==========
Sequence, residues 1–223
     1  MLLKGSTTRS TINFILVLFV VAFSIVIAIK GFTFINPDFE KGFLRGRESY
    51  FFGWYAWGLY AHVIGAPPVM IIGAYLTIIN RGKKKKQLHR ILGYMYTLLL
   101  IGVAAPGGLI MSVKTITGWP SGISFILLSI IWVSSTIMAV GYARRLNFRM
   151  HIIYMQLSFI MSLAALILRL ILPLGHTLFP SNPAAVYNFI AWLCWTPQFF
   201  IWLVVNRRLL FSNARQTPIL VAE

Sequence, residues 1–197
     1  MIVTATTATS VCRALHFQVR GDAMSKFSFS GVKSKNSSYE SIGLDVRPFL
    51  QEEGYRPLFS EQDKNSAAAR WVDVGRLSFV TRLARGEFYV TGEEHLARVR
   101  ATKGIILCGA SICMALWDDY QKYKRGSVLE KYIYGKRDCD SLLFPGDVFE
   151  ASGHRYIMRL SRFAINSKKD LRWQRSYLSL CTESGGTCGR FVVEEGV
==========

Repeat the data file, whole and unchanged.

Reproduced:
Sequence, residues 1–223
     1  MLLKGSTTRS TINFILVLFV VAFSIVIAIK GFTFINPDFE KGFLRGRESY
    51  FFGWYAWGLY AHVIGAPPVM IIGAYLTIIN RGKKKKQLHR ILGYMYTLLL
   101  IGVAAPGGLI MSVKTITGWP SGISFILLSI IWVSSTIMAV GYARRLNFRM
   151  HIIYMQLSFI MSLAALILRL ILPLGHTLFP SNPAAVYNFI AWLCWTPQFF
   201  IWLVVNRRLL FSNARQTPIL VAE

Sequence, residues 1–197
     1  MIVTATTATS VCRALHFQVR GDAMSKFSFS GVKSKNSSYE SIGLDVRPFL
    51  QEEGYRPLFS EQDKNSAAAR WVDVGRLSFV TRLARGEFYV TGEEHLARVR
   101  ATKGIILCGA SICMALWDDY QKYKRGSVLE KYIYGKRDCD SLLFPGDVFE
   151  ASGHRYIMRL SRFAINSKKD LRWQRSYLSL CTESGGTCGR FVVEEGV